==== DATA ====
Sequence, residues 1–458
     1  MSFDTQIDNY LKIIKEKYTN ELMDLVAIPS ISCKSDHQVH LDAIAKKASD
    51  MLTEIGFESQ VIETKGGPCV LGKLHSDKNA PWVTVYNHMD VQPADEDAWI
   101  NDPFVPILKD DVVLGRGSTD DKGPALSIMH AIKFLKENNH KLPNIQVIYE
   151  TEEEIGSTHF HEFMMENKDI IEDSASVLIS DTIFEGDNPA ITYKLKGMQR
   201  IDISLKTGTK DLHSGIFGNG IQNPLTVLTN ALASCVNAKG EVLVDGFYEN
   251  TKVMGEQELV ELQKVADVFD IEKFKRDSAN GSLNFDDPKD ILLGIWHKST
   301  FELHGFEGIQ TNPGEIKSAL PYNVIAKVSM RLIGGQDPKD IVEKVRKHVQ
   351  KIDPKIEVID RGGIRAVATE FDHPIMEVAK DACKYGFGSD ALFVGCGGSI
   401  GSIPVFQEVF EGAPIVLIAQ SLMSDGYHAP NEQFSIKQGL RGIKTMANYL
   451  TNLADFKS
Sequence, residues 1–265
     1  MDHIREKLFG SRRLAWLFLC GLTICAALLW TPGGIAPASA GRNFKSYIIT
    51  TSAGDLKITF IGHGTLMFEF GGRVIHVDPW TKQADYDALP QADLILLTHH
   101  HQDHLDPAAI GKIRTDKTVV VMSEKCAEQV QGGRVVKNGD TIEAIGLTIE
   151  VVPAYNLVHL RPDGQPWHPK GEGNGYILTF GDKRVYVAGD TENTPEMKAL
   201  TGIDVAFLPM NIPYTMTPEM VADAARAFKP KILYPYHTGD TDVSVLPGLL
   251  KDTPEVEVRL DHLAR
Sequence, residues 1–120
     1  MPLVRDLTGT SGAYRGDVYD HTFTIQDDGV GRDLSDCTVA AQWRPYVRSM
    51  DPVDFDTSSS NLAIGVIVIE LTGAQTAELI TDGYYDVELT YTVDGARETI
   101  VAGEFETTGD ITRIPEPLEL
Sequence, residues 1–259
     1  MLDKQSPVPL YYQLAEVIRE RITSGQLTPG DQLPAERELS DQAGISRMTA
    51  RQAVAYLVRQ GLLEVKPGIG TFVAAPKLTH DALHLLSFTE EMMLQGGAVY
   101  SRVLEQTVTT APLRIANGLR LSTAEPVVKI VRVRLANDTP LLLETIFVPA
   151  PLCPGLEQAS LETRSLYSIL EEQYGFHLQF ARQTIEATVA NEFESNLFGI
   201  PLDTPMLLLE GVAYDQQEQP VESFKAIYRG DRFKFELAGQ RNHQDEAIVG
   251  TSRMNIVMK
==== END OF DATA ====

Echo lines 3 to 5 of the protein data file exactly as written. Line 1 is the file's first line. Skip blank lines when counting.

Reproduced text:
    51  MLTEIGFESQ VIETKGGPCV LGKLHSDKNA PWVTVYNHMD VQPADEDAWI
   101  NDPFVPILKD DVVLGRGSTD DKGPALSIMH AIKFLKENNH KLPNIQVIYE
   151  TEEEIGSTHF HEFMMENKDI IEDSASVLIS DTIFEGDNPA ITYKLKGMQR